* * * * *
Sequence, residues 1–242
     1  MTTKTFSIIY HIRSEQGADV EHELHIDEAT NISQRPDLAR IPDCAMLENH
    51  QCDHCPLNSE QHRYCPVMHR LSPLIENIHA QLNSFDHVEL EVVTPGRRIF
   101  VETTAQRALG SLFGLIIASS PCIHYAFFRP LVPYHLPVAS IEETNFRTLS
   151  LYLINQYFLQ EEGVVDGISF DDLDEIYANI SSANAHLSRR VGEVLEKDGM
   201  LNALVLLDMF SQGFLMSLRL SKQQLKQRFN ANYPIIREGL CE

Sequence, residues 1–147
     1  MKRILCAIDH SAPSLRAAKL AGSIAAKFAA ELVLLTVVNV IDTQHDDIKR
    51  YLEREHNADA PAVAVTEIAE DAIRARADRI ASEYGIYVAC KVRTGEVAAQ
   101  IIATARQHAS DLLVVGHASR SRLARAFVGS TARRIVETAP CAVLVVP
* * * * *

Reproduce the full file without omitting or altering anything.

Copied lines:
Sequence, residues 1–242
     1  MTTKTFSIIY HIRSEQGADV EHELHIDEAT NISQRPDLAR IPDCAMLENH
    51  QCDHCPLNSE QHRYCPVMHR LSPLIENIHA QLNSFDHVEL EVVTPGRRIF
   101  VETTAQRALG SLFGLIIASS PCIHYAFFRP LVPYHLPVAS IEETNFRTLS
   151  LYLINQYFLQ EEGVVDGISF DDLDEIYANI SSANAHLSRR VGEVLEKDGM
   201  LNALVLLDMF SQGFLMSLRL SKQQLKQRFN ANYPIIREGL CE

Sequence, residues 1–147
     1  MKRILCAIDH SAPSLRAAKL AGSIAAKFAA ELVLLTVVNV IDTQHDDIKR
    51  YLEREHNADA PAVAVTEIAE DAIRARADRI ASEYGIYVAC KVRTGEVAAQ
   101  IIATARQHAS DLLVVGHASR SRLARAFVGS TARRIVETAP CAVLVVP